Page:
In the thinking of the modern left the systemic denial of the fullness of human life has often been primarily conceived in terms of work as a vampyric or crushing force. This is well captured in Oswald Mtshali's 1971 poem The Song of Sunrisewhere it is work “that squeezes me like a lemon / of all the juice of my life.” Over time some measure has been taken of the ways in which work has been raced and gendered, and of unwaged work, from the plantation to the leaden longing in the kitchen. The anti-colonial struggles brought a concern with national oppression to the fore and also generated a concern amongst the radical intelligentsia for the agrarian question that continued into the postcolonial world. In some cases this became a romantic form of radicalism in that the 'true' nation was imagined to inhabit the villages.

And, especially since the end of the Second World War, and into the flowering of more open forms of radical thought in the 1960s, there has been a widening of the recognition of forms of dehumanisation that are not reducible to material exploitation. This enabled a fuller recognition of the political agency of students, gay people, migrants and others. But despite the opening in the 1960s it remains the case that the left has often viewed the urban poor, assumed to be cut adrift from the discipline of rural tradition and not subject to the discipline of modern industry, in terms that range from outright hostility to more moderate forms of suspicion and condescension.

In South Africa the material power and political quality of the political agency exercised by organised workers from the 1970s and, despite some dangerous alliances and compromises, into the current order is widely acknowledged. But its potency, often masculinised, should not blind us to other experiences and other modes of political agency. One of the reasons why this ethical necessity also takes on a strategic urgency is that today, a moment in which there are more workers in the mines and factories of the world than there have been at any point in history, the Communist Manifesto, with its sense of the relentless division of society into two contending class, both primarily articulated to the factory, increasingly makes a lot more sense in Surat or Shenzhen than in Detroit or Johannesburg.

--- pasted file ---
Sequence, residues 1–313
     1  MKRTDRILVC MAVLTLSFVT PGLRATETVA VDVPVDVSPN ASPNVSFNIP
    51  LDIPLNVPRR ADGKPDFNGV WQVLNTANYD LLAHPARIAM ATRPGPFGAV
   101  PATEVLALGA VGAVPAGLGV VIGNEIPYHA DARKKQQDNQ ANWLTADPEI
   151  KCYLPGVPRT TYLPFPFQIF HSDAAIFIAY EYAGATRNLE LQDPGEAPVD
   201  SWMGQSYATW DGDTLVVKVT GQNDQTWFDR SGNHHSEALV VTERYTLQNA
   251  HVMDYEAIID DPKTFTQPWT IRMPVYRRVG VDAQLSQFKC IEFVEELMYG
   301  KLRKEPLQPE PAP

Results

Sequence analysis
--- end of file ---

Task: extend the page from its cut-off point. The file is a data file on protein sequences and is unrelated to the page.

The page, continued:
In contemporary South Africa there are millions of young people whose oppression is characterised more by a lack of access to work than exploitation at work. For these people their suffering is less about being 'squeezed like a lemon' than, in a line from Head on Fire, Lesego Rampolokeng's new collection of poems, “living a stray existence where the township cracks / frustrated hoisted then dropped against the rocks of promise.”

The old grammar of the left, centred on ideas like work, exploitation, unions and strikes is inadequate to take full measure of the forms of contemporary oppression gaining ground in our own country and in much of the world - including places like Greece, Spain and parts of the United States that had come to imagine themselves as holding a secure place in the zones of privilege. 

Exclusion and redundancy are becoming as central to contemporary modes of oppression as the long history of dispossession and exploitation. Community struggles for access to land and cities; for services, education, housing and democratic decision making; and tactics like occupations, road blockades and vote strikes are central to the grammar of the new struggles, often less masculinised than the old, being forged by people who have been rendered surplus to capital rather than exploited by it.

Trade unions remain important and in South Africa, their importance could well be decisive. But the limits to their claims to representation are now classed as well as gendered. If we are to find a way through the crisis of the present, we will have to take the rebellion of the poor in all its diversity and in all its promise and peril, at least as seriously as trade unions. The old left dogma in which the organised working class stands in for the people as a whole, is a fiction from an age that is well lost.